Adrenal histoplasmosis

Patients with adrenal histoplasmosis may present in adrenal failure or more often with an enlarged adrenal gland, unilateral or bilateral. Symptoms have usually been present for between one to six months, or patients are asymptomatic. A minority present with adrenal failure, with weight loss, fatigue, anorexia and (importantly) low-grade fever. Pain and a sensation of heaviness in the abdomen with weight loss is a relatively common presentation. Many patients have lesions at other sites, such as the mouth, skin or GI tract. Hepatosplenomegaly is absent.

For more information see Gajendra et al, 2016.
Histoplasma capsulatum (and its new sibling species Histoplasma mississippiense, Histoplasma ohiense and Histoplasma suramericanum)
Patients are described wherever histoplasma is endemic, or have travelled to endemic regions, as it presents years after exposure.
Adrenal histoplasmosis is very rare in acute disseminated histoplasmosis. It is found in non-immunocompromised people, typically over the age of 40 years. Diabetes is a common co-existing condition.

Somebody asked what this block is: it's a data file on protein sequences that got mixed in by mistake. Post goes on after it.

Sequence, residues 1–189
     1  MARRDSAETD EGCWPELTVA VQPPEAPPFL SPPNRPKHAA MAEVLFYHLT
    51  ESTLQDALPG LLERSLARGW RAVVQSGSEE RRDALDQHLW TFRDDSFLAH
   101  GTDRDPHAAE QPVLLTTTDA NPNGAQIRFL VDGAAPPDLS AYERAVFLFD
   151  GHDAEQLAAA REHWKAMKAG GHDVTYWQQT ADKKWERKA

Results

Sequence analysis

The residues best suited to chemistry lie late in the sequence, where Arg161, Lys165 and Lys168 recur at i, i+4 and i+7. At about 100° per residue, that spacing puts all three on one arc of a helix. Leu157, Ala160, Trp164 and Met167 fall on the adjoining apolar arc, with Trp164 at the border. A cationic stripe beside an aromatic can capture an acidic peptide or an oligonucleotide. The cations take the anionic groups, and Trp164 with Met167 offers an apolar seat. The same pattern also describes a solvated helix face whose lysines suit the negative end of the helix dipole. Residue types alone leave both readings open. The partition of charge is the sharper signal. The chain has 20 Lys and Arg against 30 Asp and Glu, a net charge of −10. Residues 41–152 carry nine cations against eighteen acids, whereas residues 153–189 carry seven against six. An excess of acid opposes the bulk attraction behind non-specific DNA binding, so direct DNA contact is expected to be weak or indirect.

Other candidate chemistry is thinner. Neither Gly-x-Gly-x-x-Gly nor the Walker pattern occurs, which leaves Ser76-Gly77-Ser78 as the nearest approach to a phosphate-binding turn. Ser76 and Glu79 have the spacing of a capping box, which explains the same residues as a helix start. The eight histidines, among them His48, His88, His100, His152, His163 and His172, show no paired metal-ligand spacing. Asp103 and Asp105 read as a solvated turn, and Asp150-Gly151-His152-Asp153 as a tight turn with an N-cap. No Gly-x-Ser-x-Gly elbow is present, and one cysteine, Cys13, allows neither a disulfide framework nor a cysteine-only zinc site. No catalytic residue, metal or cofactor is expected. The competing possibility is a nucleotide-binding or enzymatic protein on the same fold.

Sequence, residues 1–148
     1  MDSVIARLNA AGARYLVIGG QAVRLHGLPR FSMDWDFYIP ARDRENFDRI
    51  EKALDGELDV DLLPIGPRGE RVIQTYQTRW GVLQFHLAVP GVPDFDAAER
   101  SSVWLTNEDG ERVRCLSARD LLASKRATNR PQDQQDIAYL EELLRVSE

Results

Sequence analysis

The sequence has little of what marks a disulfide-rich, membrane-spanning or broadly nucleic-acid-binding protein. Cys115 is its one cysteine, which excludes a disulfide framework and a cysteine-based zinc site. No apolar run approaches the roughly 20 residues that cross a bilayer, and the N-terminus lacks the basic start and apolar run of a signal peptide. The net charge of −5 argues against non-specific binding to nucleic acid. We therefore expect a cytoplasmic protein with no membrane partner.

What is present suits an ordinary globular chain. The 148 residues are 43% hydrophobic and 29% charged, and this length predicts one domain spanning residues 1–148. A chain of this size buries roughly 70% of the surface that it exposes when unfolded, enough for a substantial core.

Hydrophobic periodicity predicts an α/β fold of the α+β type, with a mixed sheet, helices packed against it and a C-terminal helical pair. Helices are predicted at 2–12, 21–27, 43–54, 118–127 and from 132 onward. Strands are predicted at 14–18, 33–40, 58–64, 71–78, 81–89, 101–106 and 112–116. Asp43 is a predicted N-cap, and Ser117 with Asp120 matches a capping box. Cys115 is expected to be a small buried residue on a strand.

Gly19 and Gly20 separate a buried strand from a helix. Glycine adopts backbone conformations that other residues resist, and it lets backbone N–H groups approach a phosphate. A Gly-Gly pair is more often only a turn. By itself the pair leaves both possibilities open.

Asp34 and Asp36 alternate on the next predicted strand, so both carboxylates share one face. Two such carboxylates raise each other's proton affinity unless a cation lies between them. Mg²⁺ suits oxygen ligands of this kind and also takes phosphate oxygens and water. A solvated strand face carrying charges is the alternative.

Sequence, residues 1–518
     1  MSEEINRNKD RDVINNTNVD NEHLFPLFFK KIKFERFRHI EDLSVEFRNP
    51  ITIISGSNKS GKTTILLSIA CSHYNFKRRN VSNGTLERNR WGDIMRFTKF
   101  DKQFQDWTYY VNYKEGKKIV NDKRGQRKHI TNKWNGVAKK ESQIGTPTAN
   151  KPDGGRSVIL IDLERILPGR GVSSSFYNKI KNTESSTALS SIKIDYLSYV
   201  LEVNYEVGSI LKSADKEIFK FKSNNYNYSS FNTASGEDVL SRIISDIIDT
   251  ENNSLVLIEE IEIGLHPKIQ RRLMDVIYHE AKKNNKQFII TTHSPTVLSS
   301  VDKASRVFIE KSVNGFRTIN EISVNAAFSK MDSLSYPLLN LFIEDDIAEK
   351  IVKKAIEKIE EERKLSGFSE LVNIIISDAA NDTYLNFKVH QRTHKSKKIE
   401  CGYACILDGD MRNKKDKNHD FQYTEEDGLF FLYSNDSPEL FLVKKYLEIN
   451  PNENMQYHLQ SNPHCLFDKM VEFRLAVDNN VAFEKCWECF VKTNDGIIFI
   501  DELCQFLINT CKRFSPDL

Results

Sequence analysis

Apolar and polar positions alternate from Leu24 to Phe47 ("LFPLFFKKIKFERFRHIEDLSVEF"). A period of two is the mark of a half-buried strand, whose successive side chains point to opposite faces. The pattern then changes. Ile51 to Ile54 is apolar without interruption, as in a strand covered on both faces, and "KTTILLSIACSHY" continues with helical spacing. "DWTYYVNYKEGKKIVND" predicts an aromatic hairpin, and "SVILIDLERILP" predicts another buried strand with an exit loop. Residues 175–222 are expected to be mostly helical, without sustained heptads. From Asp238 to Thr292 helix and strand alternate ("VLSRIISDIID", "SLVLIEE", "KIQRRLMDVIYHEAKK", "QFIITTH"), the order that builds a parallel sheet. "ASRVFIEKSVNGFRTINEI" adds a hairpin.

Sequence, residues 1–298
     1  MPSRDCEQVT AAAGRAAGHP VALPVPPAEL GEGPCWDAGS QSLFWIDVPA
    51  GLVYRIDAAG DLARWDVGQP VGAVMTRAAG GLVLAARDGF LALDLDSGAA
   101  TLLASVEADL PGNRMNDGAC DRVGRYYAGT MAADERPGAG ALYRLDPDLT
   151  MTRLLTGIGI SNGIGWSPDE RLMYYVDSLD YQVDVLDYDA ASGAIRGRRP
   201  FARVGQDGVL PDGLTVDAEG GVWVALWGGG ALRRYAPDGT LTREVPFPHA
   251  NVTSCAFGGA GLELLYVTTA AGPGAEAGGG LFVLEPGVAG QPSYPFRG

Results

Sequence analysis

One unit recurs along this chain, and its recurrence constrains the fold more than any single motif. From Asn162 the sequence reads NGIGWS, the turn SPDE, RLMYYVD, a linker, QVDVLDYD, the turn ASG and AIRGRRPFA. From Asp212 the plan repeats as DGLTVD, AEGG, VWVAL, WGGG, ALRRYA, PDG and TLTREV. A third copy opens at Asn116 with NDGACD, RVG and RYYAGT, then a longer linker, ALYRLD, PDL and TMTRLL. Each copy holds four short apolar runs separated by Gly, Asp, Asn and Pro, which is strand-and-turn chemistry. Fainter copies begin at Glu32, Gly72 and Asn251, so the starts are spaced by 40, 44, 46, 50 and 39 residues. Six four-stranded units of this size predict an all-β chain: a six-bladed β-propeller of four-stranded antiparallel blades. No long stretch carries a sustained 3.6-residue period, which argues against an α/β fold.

CT imaging of the adrenal glands shows either generalised enlargement or a nodule within one or both glands. Central hypodensity and peripheral rim enhancement of the adrenals are common and found only in histoplasmosis and tuberculosis. Adrenal function should be assessed with an adrenocorticotropic hormone stimulation assay. The definitive diagnosis is achieved with either ultrasound-guided fine needle aspiration or biopsy of the enlarged adrenal gland, with direct microscopy or histopathology. Typical small intracellular yeasts are visible in tissue. Cultures are rarely done. Serum histoplasma antibody is often positive but cannot be used to rule the diagnosis out.
Itraconazole 200mg or 400mg daily is highly effective. Often patients have been empirically treated for tuberculosis first (which can precipitate adrenal failure because of accelerated metabolism of cortisol) and a three-week delay after stopping rifampicin is required to allow itraconazole levels to be therapeutic. Careful supervision is required for patients with adrenocortical dysfunction or failure.
The outlook is good. Antifungal therapy cures the disease. Patients with significant co-morbidities may not do as well.
Fig. 1: 18F-FDG PET/CT scan showing high FDG uptake in bilateral adrenals. Courtesy of Gajendra et al.
Fig. 2: Cytology smear. A) Multiple capsulated Histoplasma in histiocytic cells (Giemsa; x100). B) Histoplasma yeasts with GMS positivity (GMS; x40). Courtesy of Gajendra et al.

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